Tuesday, June 24, 2014


In my last post, I introduced Challaboration as a core team value.  A second core value is learning. Within this are two elements: being adaptable and courage.

Requirements, technology, business environments all change.  A person (and by extension, a team) will have limited success solving new problems only using past solutions.  If you are unwilling to adapt and don't have the courage to find help from others, you will not expand your set of tools to solve problems.

When you explore new approaches and tools, you learn.  For example, around 2011, my company made a reasoned decision to shift some of its product stack from .NET to Java.  Quite a bit of our team (who we hired as .NET  developers) were faced with a choice: continue as .NET experts or become novice Java/HTML/JavaScript programmers.  Every developer made the transition.

It would have been easy to leave.  After all .NET is the dominate programming platform in Nashville. Because they chose to adapt, they expanded their toolkit (learning a new language and front end technology).  It was a tough road. In the beginning, we wrote a lot of C# code masquerading as Java.  Over time, the team grew into first-class Java developers.

By adapting, the developers learned a valuable lesson:  Their excellence is based on their critical thinking and design skills, not language competency.  More importantly, they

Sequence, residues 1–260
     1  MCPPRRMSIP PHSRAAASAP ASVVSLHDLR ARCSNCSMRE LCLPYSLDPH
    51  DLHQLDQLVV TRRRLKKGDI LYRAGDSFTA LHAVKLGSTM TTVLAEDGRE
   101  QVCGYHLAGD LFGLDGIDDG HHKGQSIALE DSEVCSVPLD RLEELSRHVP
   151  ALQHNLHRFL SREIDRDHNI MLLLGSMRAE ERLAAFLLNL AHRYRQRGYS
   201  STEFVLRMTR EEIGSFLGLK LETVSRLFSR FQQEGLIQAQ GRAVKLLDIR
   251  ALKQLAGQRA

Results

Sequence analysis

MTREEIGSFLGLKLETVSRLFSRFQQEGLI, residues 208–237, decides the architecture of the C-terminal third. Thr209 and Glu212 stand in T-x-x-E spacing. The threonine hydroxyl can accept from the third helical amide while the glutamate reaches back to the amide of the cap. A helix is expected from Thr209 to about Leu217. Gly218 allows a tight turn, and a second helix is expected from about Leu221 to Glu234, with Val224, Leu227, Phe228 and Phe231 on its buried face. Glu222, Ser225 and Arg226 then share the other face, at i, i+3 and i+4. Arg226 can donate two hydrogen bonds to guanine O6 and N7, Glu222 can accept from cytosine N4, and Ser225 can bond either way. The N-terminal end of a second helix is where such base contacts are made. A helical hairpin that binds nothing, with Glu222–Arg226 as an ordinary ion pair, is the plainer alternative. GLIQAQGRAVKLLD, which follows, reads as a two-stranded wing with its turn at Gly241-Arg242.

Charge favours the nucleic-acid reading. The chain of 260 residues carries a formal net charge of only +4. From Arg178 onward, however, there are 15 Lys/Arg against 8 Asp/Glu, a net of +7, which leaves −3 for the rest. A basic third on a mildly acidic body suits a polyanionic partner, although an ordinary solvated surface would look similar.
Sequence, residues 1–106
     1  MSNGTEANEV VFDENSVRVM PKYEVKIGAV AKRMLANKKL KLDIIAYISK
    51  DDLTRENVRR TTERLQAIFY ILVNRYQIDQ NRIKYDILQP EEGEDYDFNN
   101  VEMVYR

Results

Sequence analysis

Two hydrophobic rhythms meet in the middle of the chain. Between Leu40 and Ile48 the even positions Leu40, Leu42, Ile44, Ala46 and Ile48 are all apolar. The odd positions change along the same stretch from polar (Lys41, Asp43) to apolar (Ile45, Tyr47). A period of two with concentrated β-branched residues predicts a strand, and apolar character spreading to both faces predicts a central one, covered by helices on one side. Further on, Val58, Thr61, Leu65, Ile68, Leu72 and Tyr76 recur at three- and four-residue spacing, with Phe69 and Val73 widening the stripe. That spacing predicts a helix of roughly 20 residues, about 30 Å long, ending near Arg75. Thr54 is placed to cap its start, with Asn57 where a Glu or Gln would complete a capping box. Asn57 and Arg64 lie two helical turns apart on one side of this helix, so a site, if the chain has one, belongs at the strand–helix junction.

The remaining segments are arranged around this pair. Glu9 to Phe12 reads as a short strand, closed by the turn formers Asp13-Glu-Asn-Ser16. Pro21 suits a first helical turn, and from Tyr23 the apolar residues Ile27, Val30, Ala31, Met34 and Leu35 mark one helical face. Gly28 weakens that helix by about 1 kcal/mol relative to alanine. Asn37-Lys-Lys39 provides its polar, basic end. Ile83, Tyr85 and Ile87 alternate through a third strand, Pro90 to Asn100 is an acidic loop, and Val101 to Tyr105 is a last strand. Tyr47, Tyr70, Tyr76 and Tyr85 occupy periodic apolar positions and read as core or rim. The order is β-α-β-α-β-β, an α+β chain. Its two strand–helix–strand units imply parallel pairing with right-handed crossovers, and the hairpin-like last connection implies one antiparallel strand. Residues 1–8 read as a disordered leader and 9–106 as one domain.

not to define themselves by the technologies they know.

Our team is a mix of veteran and junior developers.  We have experienced healthcare providers and seasoned QA who have never provided direct patient care.  You would think the knowledge flows from the "older" to "younger" generation.  That is far from the case.  Junior developers show veterans how some of the new technology stack functions.  In turn, veterans share hard-fought learnings from years of production software.

What our team has in common is not knowledge or skill level.  It is their courage to say, "I need help" or "I don't know."  This simple acknowledgement creates the possibility for learning. 

The dynamics of healthcare IT demand constant learning. A willingness to adapt and the courage to ask for help creates an environment where everyone learns from each other.  As a team, we adapt to changing demands and have the courage to rely on each other to learn how to solve problems. In other words, we win and lose as a team. 

No comments: